By Peter Lockhart
The ‘Fight For Every Inch Era’
There has been a collective shift in mentality at Ulster Rugby since the arrival of head coach Dan McFarland.
Faced with the (not inconsiderable) task of helping Ulster out of the mire of Ulster’s 17/18 ‘annus horribilis’, it appears McFarland has been pivotal in helping to turn things around.
McFarland’s mantra since his arrival has been ‘fight for every inch’. Crucially, it appears that the squad have been galvanized by the events of last season and have subscribed to their new head coach’s ambition.
“I think there were hard times last year, they stuck together as a unit and they learned from what they came through, they said ‘we just want to be the best we can be’,” said McFarland.
“For me coming in, it’s a question of harnessing that and pointing them in the right direction and really getting it down to the things that make it important to be part of a club at from base level which for us was fighting for every inch.”
“We said that that was going to be the thing that we put out on the field.”
“That had to be the first thing win lose or draw, whether we play well or we don’t play well in terms of our technical prowess and all the little bits around that; whatever we did we had to put that on the field.”
“And I’d say there weren’t many instances when we didn’t do that and when you look back at the season and you think of moments that we needed to draw on reserves and resilience and that fight.”
McFarland cites the squad’s growing resilience as crucial in helping to bring about the change.
“The first two games of the season (for example) when we fought back and beat Edinburgh and we beat Scarlets and both of those happened in the last minutes of the game.
“We went away to the Cheetahs, in a situation where we were asked to play at altitude, five days after we played the Kings in a game that ended 39-all.”
“We went into that last play when they scored….when we scored our penultimate try as we were kicking the conversion, we had five players down injured, two medics and yet they came back off the kick-off, scored and then while we were under the posts we had one play left.”
“Rob Herring was literally on one leg, he had to hop and we went back to the half way line, retained the kickoff, went through a number of phases where 13 players of those 15 touched the ball before we scored the equalising try, the only people who didn’t touch the ball were Angus Curtis, who made about 100 rucks from side to side and Rob who could hardly walk. He made a pretty crucial ruck in the middle of that. It was just an amazing try that earned us an extra point.”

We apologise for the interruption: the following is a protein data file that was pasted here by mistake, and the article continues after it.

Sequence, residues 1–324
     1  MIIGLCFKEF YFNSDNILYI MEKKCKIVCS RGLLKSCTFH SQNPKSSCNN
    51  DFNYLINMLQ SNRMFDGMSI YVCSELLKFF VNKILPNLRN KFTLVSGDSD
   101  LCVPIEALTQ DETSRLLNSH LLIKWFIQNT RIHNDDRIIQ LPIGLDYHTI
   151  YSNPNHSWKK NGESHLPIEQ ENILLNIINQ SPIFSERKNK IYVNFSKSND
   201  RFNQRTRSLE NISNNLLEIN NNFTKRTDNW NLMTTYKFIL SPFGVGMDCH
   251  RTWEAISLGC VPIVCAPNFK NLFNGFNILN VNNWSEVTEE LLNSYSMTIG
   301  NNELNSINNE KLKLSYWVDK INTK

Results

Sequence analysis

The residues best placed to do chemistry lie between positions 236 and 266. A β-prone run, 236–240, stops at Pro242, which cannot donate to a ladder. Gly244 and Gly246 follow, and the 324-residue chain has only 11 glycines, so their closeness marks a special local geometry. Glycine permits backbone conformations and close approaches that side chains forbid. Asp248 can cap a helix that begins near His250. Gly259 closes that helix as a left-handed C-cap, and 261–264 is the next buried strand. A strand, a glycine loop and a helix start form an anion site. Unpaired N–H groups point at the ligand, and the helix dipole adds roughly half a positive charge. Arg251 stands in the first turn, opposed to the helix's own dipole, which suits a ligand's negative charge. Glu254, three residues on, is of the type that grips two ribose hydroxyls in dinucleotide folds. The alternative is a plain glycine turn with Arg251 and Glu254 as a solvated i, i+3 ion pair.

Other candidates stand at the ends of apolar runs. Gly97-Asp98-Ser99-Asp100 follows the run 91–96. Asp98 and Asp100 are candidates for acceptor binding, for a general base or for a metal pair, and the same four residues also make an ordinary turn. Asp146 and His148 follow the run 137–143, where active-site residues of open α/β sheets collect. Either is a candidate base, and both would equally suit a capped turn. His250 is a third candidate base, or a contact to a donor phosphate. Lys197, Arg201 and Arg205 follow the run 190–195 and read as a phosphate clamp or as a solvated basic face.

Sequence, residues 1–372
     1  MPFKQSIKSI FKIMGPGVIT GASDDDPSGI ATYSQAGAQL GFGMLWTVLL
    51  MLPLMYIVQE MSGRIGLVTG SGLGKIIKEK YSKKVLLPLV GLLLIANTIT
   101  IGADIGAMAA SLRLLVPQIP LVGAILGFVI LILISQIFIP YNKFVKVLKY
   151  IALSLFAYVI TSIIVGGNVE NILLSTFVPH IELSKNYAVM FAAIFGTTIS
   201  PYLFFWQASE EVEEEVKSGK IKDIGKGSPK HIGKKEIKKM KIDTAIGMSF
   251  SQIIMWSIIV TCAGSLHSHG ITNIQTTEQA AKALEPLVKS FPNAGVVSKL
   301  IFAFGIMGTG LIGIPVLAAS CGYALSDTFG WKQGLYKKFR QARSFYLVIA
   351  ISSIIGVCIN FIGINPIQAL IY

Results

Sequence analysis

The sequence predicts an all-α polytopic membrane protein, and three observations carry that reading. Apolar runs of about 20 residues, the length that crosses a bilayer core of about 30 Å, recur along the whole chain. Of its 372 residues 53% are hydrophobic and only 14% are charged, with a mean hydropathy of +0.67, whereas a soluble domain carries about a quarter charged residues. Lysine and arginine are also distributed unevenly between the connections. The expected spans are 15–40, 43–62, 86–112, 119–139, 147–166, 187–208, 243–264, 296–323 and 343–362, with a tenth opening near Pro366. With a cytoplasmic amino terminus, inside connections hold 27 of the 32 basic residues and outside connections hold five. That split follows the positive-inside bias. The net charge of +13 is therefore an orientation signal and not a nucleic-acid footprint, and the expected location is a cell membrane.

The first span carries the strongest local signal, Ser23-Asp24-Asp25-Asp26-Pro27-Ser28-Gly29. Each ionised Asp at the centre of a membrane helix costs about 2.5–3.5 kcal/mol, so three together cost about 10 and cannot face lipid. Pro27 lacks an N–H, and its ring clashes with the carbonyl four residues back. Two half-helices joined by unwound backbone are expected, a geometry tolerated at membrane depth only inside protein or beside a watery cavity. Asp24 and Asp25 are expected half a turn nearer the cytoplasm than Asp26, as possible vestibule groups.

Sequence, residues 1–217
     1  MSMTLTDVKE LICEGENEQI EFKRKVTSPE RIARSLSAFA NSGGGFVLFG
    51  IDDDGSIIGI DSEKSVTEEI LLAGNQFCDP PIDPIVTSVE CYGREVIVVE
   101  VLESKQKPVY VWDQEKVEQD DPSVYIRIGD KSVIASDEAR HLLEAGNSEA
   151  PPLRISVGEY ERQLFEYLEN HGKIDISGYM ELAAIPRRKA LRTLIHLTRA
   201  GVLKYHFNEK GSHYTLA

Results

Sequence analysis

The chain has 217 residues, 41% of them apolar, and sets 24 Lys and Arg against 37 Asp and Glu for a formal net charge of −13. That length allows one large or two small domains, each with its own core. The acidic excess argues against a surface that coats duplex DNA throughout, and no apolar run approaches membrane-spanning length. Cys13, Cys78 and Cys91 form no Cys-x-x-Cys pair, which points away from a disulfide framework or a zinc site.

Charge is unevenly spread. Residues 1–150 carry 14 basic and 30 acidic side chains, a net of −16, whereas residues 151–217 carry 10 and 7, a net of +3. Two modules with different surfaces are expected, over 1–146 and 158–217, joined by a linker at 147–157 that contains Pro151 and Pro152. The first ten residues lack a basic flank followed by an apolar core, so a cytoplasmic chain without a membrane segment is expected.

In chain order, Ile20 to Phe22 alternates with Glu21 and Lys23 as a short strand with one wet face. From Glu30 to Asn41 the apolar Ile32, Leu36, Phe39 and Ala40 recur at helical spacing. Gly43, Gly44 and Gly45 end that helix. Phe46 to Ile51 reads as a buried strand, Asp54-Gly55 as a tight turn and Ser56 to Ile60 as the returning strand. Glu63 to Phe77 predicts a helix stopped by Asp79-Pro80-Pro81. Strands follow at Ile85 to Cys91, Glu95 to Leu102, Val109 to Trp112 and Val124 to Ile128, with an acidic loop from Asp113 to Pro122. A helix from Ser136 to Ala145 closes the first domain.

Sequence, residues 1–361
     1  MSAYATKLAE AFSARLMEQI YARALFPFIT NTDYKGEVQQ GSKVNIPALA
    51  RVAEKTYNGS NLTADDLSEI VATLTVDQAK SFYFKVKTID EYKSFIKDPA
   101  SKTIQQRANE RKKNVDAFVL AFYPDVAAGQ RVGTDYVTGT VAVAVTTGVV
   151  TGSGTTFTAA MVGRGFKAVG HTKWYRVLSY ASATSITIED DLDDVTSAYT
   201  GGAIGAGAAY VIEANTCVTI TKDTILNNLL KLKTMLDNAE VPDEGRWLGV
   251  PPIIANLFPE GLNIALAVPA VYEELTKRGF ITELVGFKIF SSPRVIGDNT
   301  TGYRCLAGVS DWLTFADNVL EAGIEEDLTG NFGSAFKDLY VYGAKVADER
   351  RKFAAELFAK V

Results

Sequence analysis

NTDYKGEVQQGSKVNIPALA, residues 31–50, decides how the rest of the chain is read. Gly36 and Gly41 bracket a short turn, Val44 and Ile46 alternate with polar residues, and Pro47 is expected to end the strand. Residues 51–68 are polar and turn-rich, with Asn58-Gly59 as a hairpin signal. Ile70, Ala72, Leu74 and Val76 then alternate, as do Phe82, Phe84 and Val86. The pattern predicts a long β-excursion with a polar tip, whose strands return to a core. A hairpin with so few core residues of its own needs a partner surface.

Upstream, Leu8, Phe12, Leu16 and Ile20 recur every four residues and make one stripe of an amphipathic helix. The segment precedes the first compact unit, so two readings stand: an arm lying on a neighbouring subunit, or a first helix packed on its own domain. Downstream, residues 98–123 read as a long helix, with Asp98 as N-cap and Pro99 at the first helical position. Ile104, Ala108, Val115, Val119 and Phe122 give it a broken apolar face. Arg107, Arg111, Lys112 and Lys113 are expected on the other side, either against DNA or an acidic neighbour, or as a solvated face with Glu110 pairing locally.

“Same as the Dragons, 30-31 phases to score a try with 13 men, that was pretty amazing as well. There were a number of instances like that throughout the year.”
Indeed, last Saturday Ulster again demonstrated their resolve with a hard-fought win over their provincial rivals, Leinster. Their ability to retain the ball and fight until the last second will send a more buoyant Ulster into this weekend’s clash with Connacht.
McFarland’s inside scoop on Connacht
McFarland spent 15 years at Connacht – first as a player, then as a coach. He understands the Connacht mind-set better than anyone. He knows the progress they have made – from rumours of disbandment in 2003 to winning the PRO14 trophy in 2016.
Indeed, it was McFarland’s original intention to be part of the Connacht project, having applied for the role of head-coach, but was overlooked in favour of Pat Lam.
“For a long time I thought that I’d like to be the Connacht head coach. When I didn’t get it, I was gutted. I thought everyone in the world was wrong except me.” McFarland admitted.
“It took me a month to realise that I was the person who was wrong and didn’t deserve the job. It was a bloody good job I didn’t get it as well because I wasn’t ready.”
McFarland says he has learnt a lot having worked under Gregor Townsend with Scotland. Indeed, he was credited with transforming the Scotland pack and has worked wonders with the failing Ulster scrum.
It is worthy of note that Connacht have beaten Ulster twice this season, securing their first win in Belfast in nearly 60 years. This was in large part down to Ulster’s struggle at the set-piece, in particular, the scrum.
In their previous outing in Belfast, it was Tom O’Toole who was put through the wringer. It now appears as though Ross Kane will face the formidable task of going up against the established Connacht front row.
McFarland is under no illusion about the difficulty of the task they face on Saturday.
“I don’t consider them coming here as underdogs at all and that’s certainly not how I’m going to approach it.”
John Cooney, who also spent time at Connacht, has great respect for his former club but is eager to secure a win over his good friend, Connacht out-half, Jack Carty.
“At Connacht I found that people always underestimated you and playing with that squad of players that always worked really hard for each other and never gave up, the likes of John Muldoon, it was a good mentality that I really liked and one I always thrived in.”
Despite Ulster’s impressive win record this season, Connacht have been somewhat of a bogey team – a fact the Ulster scrum-half is determined to put right.
“They actually beat us away last year as well so three of the last four games they’ve won, and they’ve all been pretty tight.”
“It was a heart-breaking game at home this year because it was the first time they had won here in nearly 60 years so that was pretty annoying and I know that they were confident about winning both of those games.”
“So, this week it will be different Connacht side, a confident side, and it will be us with the chip on our shoulder so hopefully we’ll be able to get the fans behind us for this one.”
Pro14 quarter-final: Ulster v Connacht
Venue: Kingspan Stadium, Belfast Date: Saturday, 4 May Kick-off: 17:35 BST